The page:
August 16, 2018 — Erez Kaminski, Wolfram Technology Specialist, Wolfram Technology Group
For the past two years, FOALE AEROSPACE has been on an exhilarating journey to create an innovative machine learning–based system designed to help prevent airplane crashes, using what might be the most understated machine for the task—the Raspberry Pi. The system is marketed as a DIY kit for aircraft hobbyists, but the ideas it’s based upon can be applied to larger aircraft (and even spacecraft!).
FOALE AEROSPACE is the brainchild of astronaut Dr. Mike Foale and his daughter Jenna Foale. Mike is a man of many talents (pilot, astrophysicist, entrepreneur) and has spent an amazing 374 days in space! Together with Jenna (who is currently finishing her PhD in computational fluid dynamics), he was able to build a complex machine learning system at minimal cost. All their development work was done in-house, mainly using the Wolfram Language running on the desktop and a Raspberry Pi. FOALE AEROSPACE’s system, which it calls the Solar Pilot Guard (SPG), is a solar-charged probe that identifies and helps prevent loss-of-control (LOC) events during airplane flight. Using sensors to detect changes in the acceleration and air pressure, the system calculates the probability of each data point (an instance in time) to be in-family (normal flight) or out-of-family (non-normal flight/possible LOC event), and issues the pilot voice commands over a Bluetooth speaker. The system uses classical functions to interpolate the dynamic pressure changes around the airplane axes; then, through several layers of Wolfram’s automatic machine learning framework, it assesses when LOC is imminent and instructs the user on the proper countermeasures they should take.
August 9, 2018 — Swede White, Lead Communications Strategist, Public Relations
Code for America’s National Day of Civic Hacking is coming up on August 11, 2018, which presents a nice opportunity for individuals and teams of all skill levels to participate in the Safe Drinking Water Data Challenge—a program Wolfram is supporting through free access to Wolfram|One and by hosting relevant structured datasets in the Wolfram Data Repository.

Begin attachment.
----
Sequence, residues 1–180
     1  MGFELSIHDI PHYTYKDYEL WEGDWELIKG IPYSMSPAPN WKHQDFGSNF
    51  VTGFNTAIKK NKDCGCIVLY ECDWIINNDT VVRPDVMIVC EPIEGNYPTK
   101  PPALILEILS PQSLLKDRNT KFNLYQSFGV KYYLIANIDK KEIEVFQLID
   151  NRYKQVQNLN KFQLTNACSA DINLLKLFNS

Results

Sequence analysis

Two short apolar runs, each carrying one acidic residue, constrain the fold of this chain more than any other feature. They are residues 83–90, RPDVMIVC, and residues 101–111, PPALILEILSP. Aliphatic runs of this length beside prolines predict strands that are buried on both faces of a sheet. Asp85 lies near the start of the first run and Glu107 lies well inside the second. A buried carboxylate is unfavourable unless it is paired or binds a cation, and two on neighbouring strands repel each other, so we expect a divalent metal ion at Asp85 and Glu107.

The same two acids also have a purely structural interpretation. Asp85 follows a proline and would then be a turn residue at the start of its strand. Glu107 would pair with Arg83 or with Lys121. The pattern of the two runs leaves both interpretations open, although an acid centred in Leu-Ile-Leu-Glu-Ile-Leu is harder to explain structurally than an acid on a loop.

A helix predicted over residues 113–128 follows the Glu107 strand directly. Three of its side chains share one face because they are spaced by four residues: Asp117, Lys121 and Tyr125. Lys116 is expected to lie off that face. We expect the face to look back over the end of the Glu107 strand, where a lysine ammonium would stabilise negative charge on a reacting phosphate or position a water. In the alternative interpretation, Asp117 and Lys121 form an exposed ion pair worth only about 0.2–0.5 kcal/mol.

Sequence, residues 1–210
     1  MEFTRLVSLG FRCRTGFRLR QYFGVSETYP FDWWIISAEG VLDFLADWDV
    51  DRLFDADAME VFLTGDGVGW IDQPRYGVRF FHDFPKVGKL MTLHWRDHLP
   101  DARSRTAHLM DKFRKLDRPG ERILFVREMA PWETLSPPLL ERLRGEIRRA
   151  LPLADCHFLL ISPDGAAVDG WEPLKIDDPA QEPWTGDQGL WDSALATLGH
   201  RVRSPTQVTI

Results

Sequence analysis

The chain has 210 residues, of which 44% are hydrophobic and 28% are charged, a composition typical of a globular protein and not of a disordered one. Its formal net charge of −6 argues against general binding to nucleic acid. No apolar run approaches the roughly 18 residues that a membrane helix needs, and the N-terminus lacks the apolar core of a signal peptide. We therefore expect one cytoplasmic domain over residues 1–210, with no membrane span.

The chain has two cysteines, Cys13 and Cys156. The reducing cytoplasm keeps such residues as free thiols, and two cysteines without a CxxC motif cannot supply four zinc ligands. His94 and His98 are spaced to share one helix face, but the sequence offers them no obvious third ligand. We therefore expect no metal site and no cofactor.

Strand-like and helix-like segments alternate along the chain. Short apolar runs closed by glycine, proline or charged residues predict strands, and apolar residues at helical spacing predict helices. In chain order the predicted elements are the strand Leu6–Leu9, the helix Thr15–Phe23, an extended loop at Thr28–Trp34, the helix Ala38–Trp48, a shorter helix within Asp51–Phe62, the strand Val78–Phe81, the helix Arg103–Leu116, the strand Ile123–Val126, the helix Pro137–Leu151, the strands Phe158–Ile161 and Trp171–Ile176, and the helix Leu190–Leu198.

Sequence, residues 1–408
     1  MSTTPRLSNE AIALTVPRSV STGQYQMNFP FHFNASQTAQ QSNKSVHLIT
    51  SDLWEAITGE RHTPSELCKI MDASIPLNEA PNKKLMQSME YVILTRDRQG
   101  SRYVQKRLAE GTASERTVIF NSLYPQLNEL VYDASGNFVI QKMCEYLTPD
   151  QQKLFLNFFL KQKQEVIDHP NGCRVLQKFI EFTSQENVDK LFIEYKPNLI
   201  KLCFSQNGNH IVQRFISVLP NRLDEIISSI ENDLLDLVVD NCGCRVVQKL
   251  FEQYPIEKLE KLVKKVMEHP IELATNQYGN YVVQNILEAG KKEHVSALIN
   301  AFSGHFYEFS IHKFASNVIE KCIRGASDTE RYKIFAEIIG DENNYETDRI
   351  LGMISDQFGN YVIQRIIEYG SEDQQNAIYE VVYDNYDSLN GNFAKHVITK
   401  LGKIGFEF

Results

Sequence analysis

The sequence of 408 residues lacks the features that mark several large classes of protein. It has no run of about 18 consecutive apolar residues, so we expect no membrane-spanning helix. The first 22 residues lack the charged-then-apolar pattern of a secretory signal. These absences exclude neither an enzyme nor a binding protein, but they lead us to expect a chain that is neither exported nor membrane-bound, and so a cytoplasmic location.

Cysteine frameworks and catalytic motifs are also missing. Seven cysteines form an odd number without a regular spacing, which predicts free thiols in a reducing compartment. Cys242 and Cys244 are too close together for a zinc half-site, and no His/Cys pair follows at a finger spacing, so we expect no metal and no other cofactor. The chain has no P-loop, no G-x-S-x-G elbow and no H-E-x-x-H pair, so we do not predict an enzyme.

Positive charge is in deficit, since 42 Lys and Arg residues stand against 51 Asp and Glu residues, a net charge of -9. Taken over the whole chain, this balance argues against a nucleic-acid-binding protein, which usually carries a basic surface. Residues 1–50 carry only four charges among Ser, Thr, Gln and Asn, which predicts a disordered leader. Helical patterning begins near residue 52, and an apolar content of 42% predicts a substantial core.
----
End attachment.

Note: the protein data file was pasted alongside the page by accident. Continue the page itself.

According to the state of California, some 200,000 residents of the state have unsafe drinking water coming out of their taps. While the Safe Drinking Water Data Challenge focuses on California, data science solutions could have impacts and applications for providing greater access to potable water in other areas with similar problems.
The goal of this post is to show how Wolfram technologies make it easy to grab data and ask questions of it, so we’ll be taking a multiparadigm approach and allowing our analysis to be driven by those questions in an exploratory analysis, a way to quickly get familiar with the data.
The Mathematics Genealogy Project (MGP) is a project dedicated to the compilation of information about all mathematicians of the world, storing this information in a database and exposing it via a web-based search interface. The MGP database contains more than 230,000 mathematicians as of July 2018, and has continued to grow roughly linearly in size since its inception in 1997.
In order to make this data more accessible and easily computable, we created an internal version of the MGP data using the Wolfram Language’s entity framework. Using this dataset within the Wolfram Language allows one to easily make computations and visualizations that provide interesting and sometimes unexpected insights into mathematicians and their works. Note that for the time being, these entities are defined only in our private dataset and so are not (yet) available for general use.
July 31, 2018 — Chapin Langenheim, Coordinating Editor, Document and Media Systems
It’s not really late summer unless you’re armed with an apple and a good book. There’s been a recent slew of incredible books utilizing the capabilities of the Wolfram Language that make sure your coding knowledge never stops growing and your reading list stays stocked. (And be sure to check the farmers’ market for those apples.)
July 26, 2018 — Itai Seggev, Senior Kernel Developer, Algorithms R&D